The link swapping procedure will just shift the Anchorage Node position. For example:
1. Initial condition AN_1 / / H----AN_2 2. The node N creates a vlink to H AN_1 / / N---H----AN_2 3. N swaps the link with H AN_1 / / H---N----AN_3 4. N becomes another anode of H, while AN_3 becomes a normal vnode AN_1 / / H---AN_4----V
Death and rebirth of an Anchorage Node
When one or more anodes die, the vnode will reestablish its optimal number of anodes: it uses one of the remaining anodes as an entry node, creating all the necessary vlinks to the new anchorage nodes.
If all the anodes die, the vnode will re-vhook to the virtual layer, keeping all its other vrnodes.
The anchorage nodes must be always nodes which can't be reached through a physical route.
The Viphilama map is similar to the Netsukuku maps, but instead of keeping the `rtt' of the nodes and their routes it just maintains their coordinates. It is divided in levels too.
In the map, the multi-barycenter is associated to each (g)node.
In the ideal case, a gnode would be compact and dense and its barycenter would be exactly in its centre. In this case it is possible to consider the gnode as a single point, thus, in the higher level, it would be sufficient to known only its barycenter instead of all the coordinates of its nodes. However, this isn't always true, foe example, consider this group node:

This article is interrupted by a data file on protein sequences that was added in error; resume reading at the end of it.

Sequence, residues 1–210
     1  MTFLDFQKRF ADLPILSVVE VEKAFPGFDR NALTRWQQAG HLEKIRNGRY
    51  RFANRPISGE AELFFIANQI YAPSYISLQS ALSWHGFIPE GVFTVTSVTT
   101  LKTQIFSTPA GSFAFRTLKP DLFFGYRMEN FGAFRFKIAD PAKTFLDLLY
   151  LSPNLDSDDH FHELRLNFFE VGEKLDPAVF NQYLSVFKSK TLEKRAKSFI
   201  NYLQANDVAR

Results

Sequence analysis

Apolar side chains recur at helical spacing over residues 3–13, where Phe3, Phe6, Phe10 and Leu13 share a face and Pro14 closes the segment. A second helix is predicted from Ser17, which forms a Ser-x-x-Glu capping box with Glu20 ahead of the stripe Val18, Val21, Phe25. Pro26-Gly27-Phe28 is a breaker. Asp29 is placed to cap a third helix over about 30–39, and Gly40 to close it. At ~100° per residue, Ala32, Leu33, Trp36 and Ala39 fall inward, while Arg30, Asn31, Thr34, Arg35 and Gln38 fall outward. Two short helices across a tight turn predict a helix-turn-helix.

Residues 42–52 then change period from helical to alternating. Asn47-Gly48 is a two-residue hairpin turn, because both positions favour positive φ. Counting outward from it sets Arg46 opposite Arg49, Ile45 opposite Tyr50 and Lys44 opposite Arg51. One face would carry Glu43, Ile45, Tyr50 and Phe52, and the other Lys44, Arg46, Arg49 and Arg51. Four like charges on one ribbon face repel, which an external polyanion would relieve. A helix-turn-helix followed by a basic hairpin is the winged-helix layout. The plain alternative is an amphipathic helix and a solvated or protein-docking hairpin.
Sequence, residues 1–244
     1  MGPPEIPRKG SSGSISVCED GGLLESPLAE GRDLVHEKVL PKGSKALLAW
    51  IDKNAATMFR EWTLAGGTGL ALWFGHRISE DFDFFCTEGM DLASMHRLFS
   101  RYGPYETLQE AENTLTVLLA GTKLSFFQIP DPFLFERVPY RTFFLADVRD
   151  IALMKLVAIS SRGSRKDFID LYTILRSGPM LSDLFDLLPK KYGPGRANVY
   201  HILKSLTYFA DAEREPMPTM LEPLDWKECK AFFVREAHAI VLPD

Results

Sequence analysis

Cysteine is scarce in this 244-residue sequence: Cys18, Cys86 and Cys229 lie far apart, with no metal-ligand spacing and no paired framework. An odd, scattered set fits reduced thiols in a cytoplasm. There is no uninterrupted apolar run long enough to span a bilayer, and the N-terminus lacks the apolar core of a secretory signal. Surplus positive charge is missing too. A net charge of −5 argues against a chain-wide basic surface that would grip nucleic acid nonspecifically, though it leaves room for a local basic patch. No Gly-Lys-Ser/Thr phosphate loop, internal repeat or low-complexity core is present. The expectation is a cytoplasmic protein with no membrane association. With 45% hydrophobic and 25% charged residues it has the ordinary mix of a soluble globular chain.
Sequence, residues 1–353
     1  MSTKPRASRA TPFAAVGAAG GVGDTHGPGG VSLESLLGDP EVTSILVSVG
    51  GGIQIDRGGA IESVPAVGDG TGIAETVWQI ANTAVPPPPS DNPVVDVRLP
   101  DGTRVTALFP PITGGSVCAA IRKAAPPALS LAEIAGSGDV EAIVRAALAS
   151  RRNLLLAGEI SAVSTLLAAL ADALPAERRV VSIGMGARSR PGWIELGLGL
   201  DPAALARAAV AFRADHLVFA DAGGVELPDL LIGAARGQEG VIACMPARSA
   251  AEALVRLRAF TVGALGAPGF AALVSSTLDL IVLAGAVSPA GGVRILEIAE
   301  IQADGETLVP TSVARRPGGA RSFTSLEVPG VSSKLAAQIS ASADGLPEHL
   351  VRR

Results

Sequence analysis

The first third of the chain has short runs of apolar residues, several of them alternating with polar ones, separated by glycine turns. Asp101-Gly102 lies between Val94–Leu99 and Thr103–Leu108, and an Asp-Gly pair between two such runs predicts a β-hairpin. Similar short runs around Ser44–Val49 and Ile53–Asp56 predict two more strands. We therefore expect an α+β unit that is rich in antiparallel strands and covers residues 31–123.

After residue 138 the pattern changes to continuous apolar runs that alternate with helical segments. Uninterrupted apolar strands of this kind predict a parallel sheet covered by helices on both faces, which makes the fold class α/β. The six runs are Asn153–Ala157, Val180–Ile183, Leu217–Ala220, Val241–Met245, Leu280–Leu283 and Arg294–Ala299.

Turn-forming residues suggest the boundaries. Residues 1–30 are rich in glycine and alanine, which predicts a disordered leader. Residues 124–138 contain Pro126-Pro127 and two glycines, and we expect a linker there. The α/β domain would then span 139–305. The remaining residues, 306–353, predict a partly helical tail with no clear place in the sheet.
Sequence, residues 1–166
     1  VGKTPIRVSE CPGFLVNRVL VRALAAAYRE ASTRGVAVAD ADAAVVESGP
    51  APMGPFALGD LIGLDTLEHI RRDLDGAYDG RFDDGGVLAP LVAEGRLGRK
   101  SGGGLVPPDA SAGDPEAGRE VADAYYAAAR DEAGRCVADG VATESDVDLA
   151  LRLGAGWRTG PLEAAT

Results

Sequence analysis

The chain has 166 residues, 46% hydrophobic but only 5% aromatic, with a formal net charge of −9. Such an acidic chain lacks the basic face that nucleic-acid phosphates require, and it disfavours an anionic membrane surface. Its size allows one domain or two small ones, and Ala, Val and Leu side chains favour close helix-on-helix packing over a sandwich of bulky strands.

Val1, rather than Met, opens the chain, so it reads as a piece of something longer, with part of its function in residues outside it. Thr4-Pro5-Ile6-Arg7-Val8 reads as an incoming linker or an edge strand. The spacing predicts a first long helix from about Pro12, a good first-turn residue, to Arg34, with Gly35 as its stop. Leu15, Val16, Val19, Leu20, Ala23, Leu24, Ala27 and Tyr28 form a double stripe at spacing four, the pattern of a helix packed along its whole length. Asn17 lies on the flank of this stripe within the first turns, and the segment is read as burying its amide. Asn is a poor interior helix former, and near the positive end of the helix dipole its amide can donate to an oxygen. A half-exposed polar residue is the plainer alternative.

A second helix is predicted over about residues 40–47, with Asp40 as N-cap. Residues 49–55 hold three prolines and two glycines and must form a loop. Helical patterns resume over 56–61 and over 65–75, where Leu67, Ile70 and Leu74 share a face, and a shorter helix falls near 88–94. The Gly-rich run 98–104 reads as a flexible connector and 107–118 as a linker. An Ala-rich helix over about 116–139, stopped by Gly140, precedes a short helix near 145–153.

. . . . . . . . + . . . . O . a node + the barycenter O another node
All the points are nodes of the same gnode. The nodes on the left are well grouped, while the two nodes on the right are far away from them. The barycenter is in an empty area: not a single node of the group node is there.
In this case, the coordinates of the barycenter are misleading, f.e. the node O believes that the gnode is very near to itself, but actually, it is just the barycenter which is near.
The solution is to use the multi-barycenter, instead, of a single barycenter: a barycenter is assigned to each block of nodes which forms the gnode. In the example above, there would be two barycenters, one for the block on the left and the other for the block on the right.
The multi-barycenter of a single node coincides with its barycenter. The multi-barycenter can be also assigned to group of higher levels (group of group of nodes, etc...).
Obviously, using more coordinates requires a higher use of memory, however, when the number of nodes increases, the blocks become more compacted, thus their number and that of the barycenters decreases.
Let H and G be two near nodes that vhook nearly at same time (first H then G). The internal map of the hooked gnode, won't be updated immediately, therefore G won't notice the presence of H and will hook to another node.
With the next QSPN, the internal map of the gnode will be updated, H will notice that G is its nearest node and vice versa.
The node which has the smallest IP will create a new vlink to the other (without deleting its old vlinks), in this way H and G will be connected.
All the nodes, which have an Internet connection, should be gate nodes. In this way, the traffic passing on the virtual layer will be well balanced. For example, two separated physical gnodes will be linked with the maximum number of virtual links.
virtual links ___ ... ____ /___ ... ____\ /____ ... _____\ / \ Gnode A ------ ... ------- Gnode B \_____ ... ______/ \____ ... _____/ \___ ... ____/ virtual links